#thetimeisnow

Looking back to previous sensations Hamilton artist reflects on questions of memory through installation at Factory Media Centre

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By Nisha Gill, Contributor

Tucked away between bakeries and boutiques in Hamilton’s downtown core, Factory Media Centre (228 James St. North) is somewhat  isolated from the hustle and bustle. Housed within the artist-run centre, Hamilton-native Natalie Hunter merges photography, video projection and sculpture to create a space to reflect on questions  questions of memory, home, time and light.

A collection of photo-based works created over the last four years, “sensations of breathing at the sound of light” is different Hunter’s typical pieces. The artist’s work has been exhibited across Canada and the United States, almost always in well-lit, neutral-coloured spaces, contrary to the conditions that are present in the Factory Media Centre.

“Factory Media’s space is quite cinematic, and it’s a challenging space because it doesn’t have accurate lighting like most white cube gallery spaces. Working with [Factory Media Centre] coordinator Kristina Durka, we decided to work with the darkness of the space and curate works that create light, in addition to reacting with its kinetic qualities,” Hunter explained.

When viewers enter the Factory Media Centre, it is immediately apparent that the space is as much a part of Hunter’s exhibition as are her works. The visible cables and wires, the naturally limited and cinematic lighting and the openness of the space all compliment Hunter’s work. This interaction between the space and the work allows for the viewer to reflect on the work and the influence of memory and home, furthering the incredibly unique and immersive experience that comes with viewing it.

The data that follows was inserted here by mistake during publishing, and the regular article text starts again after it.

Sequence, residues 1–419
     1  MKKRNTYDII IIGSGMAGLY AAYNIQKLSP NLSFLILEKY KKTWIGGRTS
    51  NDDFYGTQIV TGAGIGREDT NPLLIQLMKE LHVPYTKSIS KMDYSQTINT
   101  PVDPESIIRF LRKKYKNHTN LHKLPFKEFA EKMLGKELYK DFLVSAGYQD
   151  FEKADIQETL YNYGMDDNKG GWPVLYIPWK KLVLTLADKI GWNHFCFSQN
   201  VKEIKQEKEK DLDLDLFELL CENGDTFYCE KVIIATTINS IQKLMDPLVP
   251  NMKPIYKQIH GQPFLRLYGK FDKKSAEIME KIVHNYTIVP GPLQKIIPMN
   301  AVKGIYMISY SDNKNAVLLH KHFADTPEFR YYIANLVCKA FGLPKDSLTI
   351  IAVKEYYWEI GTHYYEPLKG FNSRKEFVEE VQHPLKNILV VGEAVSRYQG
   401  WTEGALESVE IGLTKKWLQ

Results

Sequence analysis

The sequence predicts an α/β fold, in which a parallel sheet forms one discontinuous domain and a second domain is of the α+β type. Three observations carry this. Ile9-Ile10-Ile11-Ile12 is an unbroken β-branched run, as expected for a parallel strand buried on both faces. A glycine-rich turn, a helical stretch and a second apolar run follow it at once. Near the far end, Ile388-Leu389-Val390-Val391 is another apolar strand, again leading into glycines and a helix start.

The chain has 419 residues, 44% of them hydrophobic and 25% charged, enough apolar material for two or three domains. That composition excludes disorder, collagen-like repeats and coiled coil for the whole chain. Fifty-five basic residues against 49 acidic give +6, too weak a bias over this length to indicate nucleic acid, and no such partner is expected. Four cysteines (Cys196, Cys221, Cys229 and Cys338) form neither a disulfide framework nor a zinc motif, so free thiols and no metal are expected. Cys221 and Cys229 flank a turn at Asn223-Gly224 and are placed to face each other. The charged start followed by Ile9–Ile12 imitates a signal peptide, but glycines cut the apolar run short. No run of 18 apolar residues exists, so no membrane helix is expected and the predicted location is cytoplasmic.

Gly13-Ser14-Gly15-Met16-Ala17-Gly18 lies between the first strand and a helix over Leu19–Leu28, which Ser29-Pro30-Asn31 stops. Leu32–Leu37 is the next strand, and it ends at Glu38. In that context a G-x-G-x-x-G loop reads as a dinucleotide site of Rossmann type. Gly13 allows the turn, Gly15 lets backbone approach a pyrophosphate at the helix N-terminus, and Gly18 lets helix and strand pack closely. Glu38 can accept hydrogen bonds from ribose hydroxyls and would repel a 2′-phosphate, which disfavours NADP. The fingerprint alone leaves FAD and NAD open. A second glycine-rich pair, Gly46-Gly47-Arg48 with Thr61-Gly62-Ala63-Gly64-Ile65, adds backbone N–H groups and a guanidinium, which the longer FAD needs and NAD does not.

“Allowing a photograph to become a physical encounter rather than a picture on a screen or in a frame. And I think “Sensations of breathing at the sound of light” really questions areas between screen space and physical space, and how they influence memory, the senses, and perceptions of time in the present moment. Stillness and motion can be experienced at the same time,” said Hunter.

Hunter’s pieces themselves are created using a combination of film, colour filters and lights that allow a moment in time to be captured not only as a photograph, but as something physical that interacts with the space around it.

“I think my work is different in terms of my consideration of materiality in image making and hybrid forms of sculpture and photography. Allowing a photograph to become a physical encounter rather than a picture on a screen or in a frame. And I think  ‘sensations of breathing at the sound of light’ really questions areas between screen space and physical space, and how they influence memory, the senses, and perceptions of time in the present moment,” said Hunter.

Hunter described the exhibition as a conversation between her and Durka, but also as a space for conversation between herself and the viewers of her exhibition.

“An artist’s job is to provide the conditions for an experience so that a dialogue or conversation can exist between artist and viewer. A conversation that a viewer may draw meaning from or pose further questions, perhaps not immediately, but eventually, through the work. I hope that a viewer is drawn into the work for its visceral and emotive qualities, but keeps them there long enough to contemplate the nature of time, memory, and our relationships to the spaces we create for ourselves,” said Hunter.

“Sensations of breathing at the sound of light” interacts with the space it is housed in to immerse the viewer in the works and encourage them to reflect on important questions about the nature and perceptions of the time, as well as the spaces that we interact with.

The closing reception for “Sensations of breathing at the sound of light” will be on Friday, October 4, 2019 at the Factory Media Centre (228 James St. North) from 7 p.m. to 9 p.m. Hunter will be in attendance.

 

 

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